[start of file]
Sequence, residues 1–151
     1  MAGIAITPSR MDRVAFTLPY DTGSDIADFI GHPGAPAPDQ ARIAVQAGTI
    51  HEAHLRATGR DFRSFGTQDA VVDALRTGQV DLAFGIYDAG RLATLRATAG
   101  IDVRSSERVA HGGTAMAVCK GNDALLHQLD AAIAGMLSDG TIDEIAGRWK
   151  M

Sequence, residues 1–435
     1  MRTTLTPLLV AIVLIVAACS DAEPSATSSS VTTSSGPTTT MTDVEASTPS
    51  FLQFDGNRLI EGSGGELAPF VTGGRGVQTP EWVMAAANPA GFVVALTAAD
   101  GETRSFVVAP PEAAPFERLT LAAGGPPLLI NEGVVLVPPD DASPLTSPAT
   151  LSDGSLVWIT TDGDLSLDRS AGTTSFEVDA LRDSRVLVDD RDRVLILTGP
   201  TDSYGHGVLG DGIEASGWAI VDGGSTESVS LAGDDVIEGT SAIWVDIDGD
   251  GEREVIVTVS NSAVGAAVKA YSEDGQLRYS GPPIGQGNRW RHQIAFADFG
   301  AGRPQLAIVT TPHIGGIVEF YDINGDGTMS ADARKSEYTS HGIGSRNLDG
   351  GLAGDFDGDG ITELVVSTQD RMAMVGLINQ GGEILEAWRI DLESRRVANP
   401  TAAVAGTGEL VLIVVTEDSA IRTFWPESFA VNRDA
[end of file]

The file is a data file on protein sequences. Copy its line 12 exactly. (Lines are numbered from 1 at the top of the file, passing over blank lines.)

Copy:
   251  GEREVIVTVS NSAVGAAVKA YSEDGQLRYS GPPIGQGNRW RHQIAFADFG